“So You Won’t Have to Die” is an interesting track, a combination of Christian rock and social commentary, taking on the issue of over-population. The extreme tempo change and introduction of the organ about two minutes in edges this song into prog rock territory.
It’s a safe bet that, if you don’t know any other GFR songs, you do know “We’re an American Band,” the huge hit single off the 1973 album of the same name. Despite endless legal entanglements with Knight, the band succeeded in rising even higher in the rock star echelon with this album, helped by the production talents of Todd Rundgren.
“Loneliest Rider” is a hard-driving rock-out with a social message. To bolster the theme of Native American civil rights, the verse’s melody uses a whole-tone scale and simple, unsyncopated rhythm to imitate Native music. Today it comes across as an unfortunate stereotype, not bothering with any real ethnomusicology, but in the 1970s other well-meaning bands, earnest about their concern for American Native tribes, used this trope (see Queen’s White Man for a much more cringeworthy example).
GFR released two albums in 1974: Shinin’ On and All the Girls in the World Beware!!! From the latter, the band had a bestseller with their cover of John Ellison’s “Some Kind of Wonderful,” showing their more sensitive soul-music side. The memorable album cover features the bandmembers’ faces superimposed onto bodybuilders’ physiques.
Another nice track from that album is “Runnin’,” by Brewer and keyboardist Craig Frost. Given the party-like approach to the drum kit, it’s hardly surprising that Brewer had control of this song. It also demonstrates differences between Brewer/Frost and Farner’s songwriting: Brewer-Frost used shorter lyric phrases and harmonic motion, more in keeping with standard R&B.
The title song from Born to Die (1976) is an homage to one of Farner’s cousins, who had recently died. Overall, the themes on this record are more serious than on the previous couple of albums.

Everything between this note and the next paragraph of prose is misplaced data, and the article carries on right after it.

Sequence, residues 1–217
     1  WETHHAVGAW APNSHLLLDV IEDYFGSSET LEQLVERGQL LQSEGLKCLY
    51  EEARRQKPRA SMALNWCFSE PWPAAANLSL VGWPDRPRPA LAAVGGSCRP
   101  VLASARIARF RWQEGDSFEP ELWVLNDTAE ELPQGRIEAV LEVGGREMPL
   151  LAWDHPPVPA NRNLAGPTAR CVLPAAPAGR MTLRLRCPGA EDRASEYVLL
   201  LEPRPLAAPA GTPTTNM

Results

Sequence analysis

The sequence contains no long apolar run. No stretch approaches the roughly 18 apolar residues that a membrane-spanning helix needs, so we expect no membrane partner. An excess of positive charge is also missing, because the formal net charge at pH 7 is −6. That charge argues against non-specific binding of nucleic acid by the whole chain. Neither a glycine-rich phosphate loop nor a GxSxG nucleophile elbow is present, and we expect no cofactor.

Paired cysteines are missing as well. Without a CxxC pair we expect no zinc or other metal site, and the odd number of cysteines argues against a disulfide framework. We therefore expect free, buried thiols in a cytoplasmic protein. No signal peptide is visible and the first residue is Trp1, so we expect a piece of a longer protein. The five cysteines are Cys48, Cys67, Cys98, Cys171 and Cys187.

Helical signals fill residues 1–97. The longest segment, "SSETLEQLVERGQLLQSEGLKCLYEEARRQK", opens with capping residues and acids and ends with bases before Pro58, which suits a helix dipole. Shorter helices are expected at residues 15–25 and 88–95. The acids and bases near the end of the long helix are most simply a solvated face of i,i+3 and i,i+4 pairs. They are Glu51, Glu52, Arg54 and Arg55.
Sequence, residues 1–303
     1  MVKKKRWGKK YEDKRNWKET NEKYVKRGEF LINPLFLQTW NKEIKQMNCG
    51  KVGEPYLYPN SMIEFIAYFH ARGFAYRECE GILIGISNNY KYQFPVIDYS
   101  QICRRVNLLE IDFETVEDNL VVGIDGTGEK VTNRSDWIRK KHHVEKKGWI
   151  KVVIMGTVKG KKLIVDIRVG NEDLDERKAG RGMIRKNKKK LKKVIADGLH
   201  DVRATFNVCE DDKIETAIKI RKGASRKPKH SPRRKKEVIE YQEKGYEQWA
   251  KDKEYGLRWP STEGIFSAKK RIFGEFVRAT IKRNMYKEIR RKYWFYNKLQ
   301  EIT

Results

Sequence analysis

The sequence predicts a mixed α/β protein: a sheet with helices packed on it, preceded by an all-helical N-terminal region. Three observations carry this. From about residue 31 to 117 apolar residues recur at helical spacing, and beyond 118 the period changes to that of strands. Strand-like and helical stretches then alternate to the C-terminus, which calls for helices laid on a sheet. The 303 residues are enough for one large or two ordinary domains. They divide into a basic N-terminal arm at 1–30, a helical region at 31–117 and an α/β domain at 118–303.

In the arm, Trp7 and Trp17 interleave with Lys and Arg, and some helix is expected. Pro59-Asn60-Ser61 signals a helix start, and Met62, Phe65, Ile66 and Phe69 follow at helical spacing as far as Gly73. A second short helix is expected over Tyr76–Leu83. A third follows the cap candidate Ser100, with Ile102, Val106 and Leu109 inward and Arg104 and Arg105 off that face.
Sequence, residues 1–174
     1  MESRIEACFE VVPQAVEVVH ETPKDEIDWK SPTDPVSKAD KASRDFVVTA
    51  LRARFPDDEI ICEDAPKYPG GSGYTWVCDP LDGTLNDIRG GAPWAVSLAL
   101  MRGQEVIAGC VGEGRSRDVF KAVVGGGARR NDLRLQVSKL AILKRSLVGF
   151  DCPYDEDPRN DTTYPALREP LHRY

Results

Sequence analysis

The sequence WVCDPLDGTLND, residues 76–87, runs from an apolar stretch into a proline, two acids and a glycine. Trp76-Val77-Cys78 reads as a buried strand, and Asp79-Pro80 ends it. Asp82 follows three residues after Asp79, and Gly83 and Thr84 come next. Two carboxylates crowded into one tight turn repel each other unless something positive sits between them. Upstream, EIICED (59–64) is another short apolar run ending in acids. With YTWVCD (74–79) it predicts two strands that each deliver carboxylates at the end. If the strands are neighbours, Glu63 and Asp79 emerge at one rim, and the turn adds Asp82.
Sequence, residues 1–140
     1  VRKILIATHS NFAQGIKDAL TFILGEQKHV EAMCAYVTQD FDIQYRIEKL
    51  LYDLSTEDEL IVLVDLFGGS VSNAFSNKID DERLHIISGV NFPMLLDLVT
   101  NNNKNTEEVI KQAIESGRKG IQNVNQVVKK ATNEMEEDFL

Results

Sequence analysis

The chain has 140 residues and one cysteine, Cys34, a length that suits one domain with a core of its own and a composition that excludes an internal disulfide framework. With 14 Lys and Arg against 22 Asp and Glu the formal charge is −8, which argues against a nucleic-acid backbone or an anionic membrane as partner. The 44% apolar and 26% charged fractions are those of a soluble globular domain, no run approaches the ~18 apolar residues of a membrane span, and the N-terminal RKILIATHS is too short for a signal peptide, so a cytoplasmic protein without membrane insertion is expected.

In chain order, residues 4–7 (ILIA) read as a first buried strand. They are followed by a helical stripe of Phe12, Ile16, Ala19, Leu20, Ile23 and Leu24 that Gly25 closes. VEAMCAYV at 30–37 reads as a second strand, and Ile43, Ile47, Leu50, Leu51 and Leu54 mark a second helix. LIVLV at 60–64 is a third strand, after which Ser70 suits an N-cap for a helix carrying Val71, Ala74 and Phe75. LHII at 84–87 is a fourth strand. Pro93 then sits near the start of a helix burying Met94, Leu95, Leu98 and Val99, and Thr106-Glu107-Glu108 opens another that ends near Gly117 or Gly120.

Another example of this newfound darkness is the Brewer/Frost “Dues.” Its lyric, which starts with the line “I think I’m heading for a terrible accident,” betray desperation and rage over society’s shortfalls, whereas earlier songs that criticize society seem merely puzzled and frustrated.
They put out another album in 1976 called Good Singin’, Good Playin’. Although it was produced by Frank Zappa, it sold poorly. The band took a break after this, coming back together five years later for Grand Funk Lives (1981). But the lineup was significantly changed. Schacher and Frost did not return to the studio, replaced by Dennis Bellinger and Lance Duncan Ong, respectively. You’ll also notice that “Railroad” has been dropped from the band name.
Nothing on Grand Funk Lives broke the top 100. “Wait for Me,” which closes the album, demonstrates that what used to be an edgy and experimental hard rock band has gone full-out ’80s arena rock. Wave your cigarette lighters to the beat, folks.
After this, they made only one more studio album, What’s Funk?, in 1983. However, the band continues touring to this day. The current line-up includes former Kiss guitarist Bruce Kulick and 38 Special’s Max Carl on vocals (Farner left to focus on Christian music), along with Brewer, Schacher and keyboardist Tim Cashion. The Railroad keeps chuggin’ along.
Header photo courtesy of Wikimedia Commons/Premier Talent Associates.